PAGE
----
MI-Big-Green-Gym-verticalUnder a blazing hot July sun, Lansing residents and visitors were treated to fun, interactive, pop-up placemaking on Capitol Avenue today! The west driving lane became a bikers-only lane. And, with the capitol building as an impressive backdrop, the League and a variety of Lansing area organizations set up creative parklets in the parking lane as part of our Convert Capitol Avenue project.

The parklets were designed to invite people in to dabble in fun and relaxing experiences. Play in the sandbox at the League’s parklet, get to know Bowser the snapping turtle at Fenner Nature Center’s realistic-looking setting, challenge a friend to a giant game of Connect 4, bounce on MI Big Green Gym’s wavy, bright blue playground equipment, or just relax in a canoe with the quietest border collie you’ve ever seen. Everyone who traversed Capitol Avenue by foot, bike or motor vehicle saw how small changes can have a big people-centric impact on a public space.

All these activities are part of a bigger conversation about what people would like to see happen along Capitol Avenue to make it more people-friendly. Do you have some thoughts? Share them with us in this brief survey.

Nate-handing-out-money-200x230“Money” and conversation were flowing at Farmington Hills City Hall as residents of both Farmington and Farmington Hills gathered for the unveiling of the preliminary design plans for the 10 Mile/Orchard Lake intersection.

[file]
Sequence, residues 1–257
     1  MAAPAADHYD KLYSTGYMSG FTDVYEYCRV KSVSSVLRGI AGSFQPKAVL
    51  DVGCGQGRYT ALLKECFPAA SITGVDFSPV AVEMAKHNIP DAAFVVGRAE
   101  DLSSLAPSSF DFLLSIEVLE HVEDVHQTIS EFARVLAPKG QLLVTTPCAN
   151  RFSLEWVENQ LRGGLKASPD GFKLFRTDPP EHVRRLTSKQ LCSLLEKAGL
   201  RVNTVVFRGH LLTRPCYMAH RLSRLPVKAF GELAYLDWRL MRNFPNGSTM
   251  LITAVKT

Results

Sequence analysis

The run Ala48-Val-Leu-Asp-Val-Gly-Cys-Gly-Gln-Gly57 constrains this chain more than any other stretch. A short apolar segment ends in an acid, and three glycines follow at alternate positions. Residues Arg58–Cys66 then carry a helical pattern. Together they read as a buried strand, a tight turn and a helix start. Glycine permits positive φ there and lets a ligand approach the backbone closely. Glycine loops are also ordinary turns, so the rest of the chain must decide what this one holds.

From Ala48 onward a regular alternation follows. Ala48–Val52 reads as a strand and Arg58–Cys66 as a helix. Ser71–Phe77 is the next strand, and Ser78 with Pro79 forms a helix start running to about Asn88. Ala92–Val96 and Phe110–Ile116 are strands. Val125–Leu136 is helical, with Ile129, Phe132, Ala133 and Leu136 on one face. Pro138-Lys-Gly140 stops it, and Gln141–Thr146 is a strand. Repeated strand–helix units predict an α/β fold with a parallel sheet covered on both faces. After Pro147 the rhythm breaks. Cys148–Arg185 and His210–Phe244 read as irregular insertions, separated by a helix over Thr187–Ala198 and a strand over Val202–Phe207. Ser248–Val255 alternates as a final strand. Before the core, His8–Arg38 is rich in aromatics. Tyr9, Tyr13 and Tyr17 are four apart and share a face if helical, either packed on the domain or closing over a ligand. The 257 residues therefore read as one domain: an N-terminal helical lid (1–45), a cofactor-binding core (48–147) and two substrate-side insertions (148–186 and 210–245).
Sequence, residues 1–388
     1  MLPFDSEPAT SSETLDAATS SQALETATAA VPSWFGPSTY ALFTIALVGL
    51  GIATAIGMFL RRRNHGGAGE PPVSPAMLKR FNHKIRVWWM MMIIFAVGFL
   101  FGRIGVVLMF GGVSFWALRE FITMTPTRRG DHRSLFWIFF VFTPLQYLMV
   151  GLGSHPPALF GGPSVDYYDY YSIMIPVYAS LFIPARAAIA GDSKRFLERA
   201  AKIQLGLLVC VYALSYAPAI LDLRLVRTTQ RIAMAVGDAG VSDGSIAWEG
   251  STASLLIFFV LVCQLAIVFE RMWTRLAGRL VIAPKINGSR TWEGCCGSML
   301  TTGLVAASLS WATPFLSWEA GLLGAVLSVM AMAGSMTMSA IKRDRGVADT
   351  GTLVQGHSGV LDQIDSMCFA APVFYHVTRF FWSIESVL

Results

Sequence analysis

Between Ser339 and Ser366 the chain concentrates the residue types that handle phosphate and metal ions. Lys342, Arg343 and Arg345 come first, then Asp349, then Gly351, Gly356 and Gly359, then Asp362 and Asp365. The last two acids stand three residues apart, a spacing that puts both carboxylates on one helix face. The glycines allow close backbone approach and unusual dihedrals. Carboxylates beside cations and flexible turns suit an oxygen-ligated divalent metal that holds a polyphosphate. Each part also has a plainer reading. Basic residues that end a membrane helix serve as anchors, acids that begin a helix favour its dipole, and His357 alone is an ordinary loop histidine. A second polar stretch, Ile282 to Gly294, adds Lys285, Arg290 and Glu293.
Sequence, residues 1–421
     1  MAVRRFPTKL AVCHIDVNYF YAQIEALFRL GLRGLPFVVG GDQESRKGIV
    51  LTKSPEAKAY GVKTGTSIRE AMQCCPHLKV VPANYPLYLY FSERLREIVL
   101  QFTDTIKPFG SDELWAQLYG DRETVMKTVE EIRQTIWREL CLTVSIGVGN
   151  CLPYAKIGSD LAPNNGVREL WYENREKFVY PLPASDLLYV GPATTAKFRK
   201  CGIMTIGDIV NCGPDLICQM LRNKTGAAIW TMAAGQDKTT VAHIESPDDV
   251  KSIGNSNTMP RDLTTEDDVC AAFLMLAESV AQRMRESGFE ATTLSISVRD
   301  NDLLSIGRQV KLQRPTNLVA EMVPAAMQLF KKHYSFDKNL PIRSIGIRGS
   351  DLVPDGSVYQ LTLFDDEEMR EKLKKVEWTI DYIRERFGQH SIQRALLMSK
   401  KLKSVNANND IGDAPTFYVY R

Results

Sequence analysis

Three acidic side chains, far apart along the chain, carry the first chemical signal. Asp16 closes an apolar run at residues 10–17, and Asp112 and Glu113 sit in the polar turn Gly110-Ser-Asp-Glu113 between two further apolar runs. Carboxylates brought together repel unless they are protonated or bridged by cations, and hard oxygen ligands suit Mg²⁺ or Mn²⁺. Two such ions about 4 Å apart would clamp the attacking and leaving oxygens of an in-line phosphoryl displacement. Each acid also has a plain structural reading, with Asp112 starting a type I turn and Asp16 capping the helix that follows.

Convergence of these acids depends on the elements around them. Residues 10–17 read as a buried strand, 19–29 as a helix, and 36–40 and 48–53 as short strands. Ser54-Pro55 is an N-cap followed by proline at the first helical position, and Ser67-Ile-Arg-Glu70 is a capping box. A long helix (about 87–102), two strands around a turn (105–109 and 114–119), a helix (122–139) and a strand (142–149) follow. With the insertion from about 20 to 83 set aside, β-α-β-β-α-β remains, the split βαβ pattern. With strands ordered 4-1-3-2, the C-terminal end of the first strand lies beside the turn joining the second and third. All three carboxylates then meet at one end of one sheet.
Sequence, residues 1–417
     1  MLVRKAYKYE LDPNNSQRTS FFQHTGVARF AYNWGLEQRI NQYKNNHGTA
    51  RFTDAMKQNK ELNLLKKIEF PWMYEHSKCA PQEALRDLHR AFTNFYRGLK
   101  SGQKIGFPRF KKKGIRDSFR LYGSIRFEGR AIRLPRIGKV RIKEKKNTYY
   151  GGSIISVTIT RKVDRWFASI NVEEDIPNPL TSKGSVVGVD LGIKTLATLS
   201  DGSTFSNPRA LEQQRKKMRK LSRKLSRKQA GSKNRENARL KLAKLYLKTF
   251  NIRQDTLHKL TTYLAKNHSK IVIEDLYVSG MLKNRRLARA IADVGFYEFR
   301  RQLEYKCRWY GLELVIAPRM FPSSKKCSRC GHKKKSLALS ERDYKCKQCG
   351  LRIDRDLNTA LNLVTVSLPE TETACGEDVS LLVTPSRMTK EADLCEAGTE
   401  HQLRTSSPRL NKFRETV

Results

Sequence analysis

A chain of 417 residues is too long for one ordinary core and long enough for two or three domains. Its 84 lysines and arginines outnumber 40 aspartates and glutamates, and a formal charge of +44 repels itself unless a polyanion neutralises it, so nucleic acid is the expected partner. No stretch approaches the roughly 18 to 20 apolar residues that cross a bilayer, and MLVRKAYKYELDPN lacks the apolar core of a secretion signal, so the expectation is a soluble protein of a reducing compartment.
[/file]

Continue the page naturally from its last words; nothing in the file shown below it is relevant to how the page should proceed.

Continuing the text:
As they walked in the door, Nate Geinzer, assistant to the city manager, handed everyone $1,000 in play money and asked them to “invest” it in the placemaking features that are most important to them in this process. Their choices ranged from events and activities, communications, and streetscape to pedestrian/bike facilities and public space. At the end of the evening, the money was counted and the interesting results are shown in the graph below.

Viewing-plans-300x200At the March visioning workshop, residents and businesses had an opportunity to share their ideas for reimagining the 10 Mile/Orchard Lake intersection. Following that session, the urban design team from Lawrence Technological University – Professor Kim Joongsub and student Dustin Altschul – reviewed all the ideas and converted them into a design proposal. Several copies of the design, along with the draft report, were on display for everyone to view and comment on.

Altschul describes the design, which was available for view and comment, as aligning with the communities’ ideals of making walkability and biking more pleasurable, strengthening community connections with a public gathering space, and adding environmentally-conscious elements.

investing-chart-300x274Download Area Plan
Download Concept Design
Download Phasing Plan
Download Project Timeline

 

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Dwight Pete Mitchell with his wife, Margo

It was easy to see how Benton Harbor’s Dwight Pete Mitchell City Center Park got its moniker. When its namesake was introduced at the park’s June 16 design workshop, thunderous applause broke out! Clearly, he was a very popular city manager during his 2002-2008 tenure.